China’s tissue giant Vinda expects further industry consolidation as Beijing tightens environmental controls
The company forecasts 700,000 tonnes of production capacity will shut down in 2018, a rise from last year’s 600,000 tonnes
Vinda International Holdings, China’s third largest tissue manufacturer whose majority shareholder is Swedish hygiene products firm SCA, said it expected to see further consolidation of the tissue sector as China tightens its environmental protection controls.
“We can see from industry association figures that around 600,000 tonnes of tissue capacity were shut down in 2017,” said Christoph Michalski, Vinda’s chief executive officer who was SCA’s president of Global Hygiene Category before joining the company in 2015.
“Most of the time, those factories were shut down because they did not comply with the environmental protection regulations, and they do not have the access to capital to renovate entirely their industrial sites,” he said on the sidelines of the company’s annual results briefing in Hong Kong on Friday.
“We thus expect the consolidation trend to continue, and our expectation for this year is around 700,000 tonnes [in capacity],” said Michalski.
China has been tightening its reins on companies to better protect the environment, in response to the mounting call from a growing middle class that has become more health conscious and concerned about their children’s well being.
The central government also came up with the “Green Water and Green Mountain” slogan during the key 19th party’s congress last October in a reiteration of the need to improve the environment.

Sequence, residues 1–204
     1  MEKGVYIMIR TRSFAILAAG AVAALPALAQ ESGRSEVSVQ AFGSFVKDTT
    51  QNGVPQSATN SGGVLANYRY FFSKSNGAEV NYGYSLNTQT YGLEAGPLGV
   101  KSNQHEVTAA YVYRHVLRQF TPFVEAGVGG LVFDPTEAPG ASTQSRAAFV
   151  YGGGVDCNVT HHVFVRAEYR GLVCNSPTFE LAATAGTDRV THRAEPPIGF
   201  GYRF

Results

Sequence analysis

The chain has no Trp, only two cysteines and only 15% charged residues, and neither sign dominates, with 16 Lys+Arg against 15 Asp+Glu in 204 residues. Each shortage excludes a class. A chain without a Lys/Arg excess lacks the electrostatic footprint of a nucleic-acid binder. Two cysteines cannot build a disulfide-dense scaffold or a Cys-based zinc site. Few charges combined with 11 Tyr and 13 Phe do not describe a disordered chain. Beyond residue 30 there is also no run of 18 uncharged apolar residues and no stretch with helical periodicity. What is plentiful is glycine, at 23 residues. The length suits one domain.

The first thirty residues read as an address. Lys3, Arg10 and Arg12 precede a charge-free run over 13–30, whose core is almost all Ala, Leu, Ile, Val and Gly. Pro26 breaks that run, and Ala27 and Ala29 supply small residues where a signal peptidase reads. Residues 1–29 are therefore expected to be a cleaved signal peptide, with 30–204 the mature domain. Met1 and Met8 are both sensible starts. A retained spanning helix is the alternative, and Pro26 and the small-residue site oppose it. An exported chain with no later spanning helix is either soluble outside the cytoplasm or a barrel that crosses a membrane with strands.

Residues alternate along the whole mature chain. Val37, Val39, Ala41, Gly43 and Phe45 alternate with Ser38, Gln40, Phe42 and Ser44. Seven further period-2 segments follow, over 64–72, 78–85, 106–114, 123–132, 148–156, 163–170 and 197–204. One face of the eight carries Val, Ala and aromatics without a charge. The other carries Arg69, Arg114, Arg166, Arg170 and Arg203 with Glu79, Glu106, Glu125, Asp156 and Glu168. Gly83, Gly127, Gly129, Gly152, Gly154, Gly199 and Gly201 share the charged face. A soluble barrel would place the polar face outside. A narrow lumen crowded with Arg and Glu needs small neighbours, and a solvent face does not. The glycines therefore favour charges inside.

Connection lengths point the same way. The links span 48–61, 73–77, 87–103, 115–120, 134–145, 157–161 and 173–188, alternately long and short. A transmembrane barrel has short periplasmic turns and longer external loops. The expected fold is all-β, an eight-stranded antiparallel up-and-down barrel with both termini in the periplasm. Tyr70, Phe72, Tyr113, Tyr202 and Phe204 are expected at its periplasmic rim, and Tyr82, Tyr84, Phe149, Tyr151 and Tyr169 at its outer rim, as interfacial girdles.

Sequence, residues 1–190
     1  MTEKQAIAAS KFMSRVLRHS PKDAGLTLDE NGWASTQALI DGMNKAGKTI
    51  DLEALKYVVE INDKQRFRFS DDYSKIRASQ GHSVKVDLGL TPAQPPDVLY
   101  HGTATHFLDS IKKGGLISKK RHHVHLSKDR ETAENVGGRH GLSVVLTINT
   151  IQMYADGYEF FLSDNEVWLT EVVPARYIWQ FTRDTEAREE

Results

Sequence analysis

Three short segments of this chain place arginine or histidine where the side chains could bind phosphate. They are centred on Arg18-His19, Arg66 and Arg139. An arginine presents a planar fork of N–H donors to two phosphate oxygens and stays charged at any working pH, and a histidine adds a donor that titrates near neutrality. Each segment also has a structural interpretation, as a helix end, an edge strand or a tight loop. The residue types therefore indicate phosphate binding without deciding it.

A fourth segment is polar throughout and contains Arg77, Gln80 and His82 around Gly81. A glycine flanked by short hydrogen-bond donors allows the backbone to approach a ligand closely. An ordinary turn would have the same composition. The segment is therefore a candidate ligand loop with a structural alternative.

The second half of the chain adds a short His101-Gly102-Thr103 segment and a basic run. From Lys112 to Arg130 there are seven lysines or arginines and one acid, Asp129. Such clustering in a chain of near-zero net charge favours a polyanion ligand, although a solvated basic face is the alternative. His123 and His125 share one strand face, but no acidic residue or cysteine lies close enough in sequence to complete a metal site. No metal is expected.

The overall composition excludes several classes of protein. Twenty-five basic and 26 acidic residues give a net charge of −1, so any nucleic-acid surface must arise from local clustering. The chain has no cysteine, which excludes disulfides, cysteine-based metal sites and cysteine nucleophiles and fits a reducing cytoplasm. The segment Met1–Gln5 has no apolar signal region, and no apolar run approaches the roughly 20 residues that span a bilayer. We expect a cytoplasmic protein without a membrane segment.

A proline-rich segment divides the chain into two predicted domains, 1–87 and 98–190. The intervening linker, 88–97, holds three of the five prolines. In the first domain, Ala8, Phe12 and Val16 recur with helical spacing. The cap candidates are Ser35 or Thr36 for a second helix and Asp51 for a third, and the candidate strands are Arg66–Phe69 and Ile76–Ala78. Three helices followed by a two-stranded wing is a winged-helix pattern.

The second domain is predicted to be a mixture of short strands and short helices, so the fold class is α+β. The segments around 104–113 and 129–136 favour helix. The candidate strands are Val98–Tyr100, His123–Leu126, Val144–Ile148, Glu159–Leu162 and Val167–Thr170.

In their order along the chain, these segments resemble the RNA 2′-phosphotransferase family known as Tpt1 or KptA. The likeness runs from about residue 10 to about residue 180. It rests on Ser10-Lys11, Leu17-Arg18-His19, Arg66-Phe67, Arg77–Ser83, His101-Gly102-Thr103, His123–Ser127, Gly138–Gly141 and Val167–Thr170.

The country has started to levy an “environment tax” from January 1 on enterprises and public institutions that produce noise, air and water pollution, and solid waste from their operations.
While bigger firms like Vinda may be less hit by the tax as they have the means to upgrade their facilities to reduce the discharge of pollutants, smaller players especially local factories, face a bleaker picture, according to analysts.
“Big enterprises are more likely to be granted a reduction or even a waiver of the environment tax,” analysts at Soochow Securities wrote in a recent note.
Having integrated with SCA, Vinda now produces and sells the Swedish company’s major tissue brands including Tempo, Tena, baby care product Libero, as well as Tork in the Greater China region. It reported a near 5 per cent decrease in net profit to HK$620.96 million (US$79.5 million) for the year ended December 31, while its Ebitda grew by 7.1 per cent for the period.
Shares of the company dropped 3.4 per cent to HK$15 on Friday.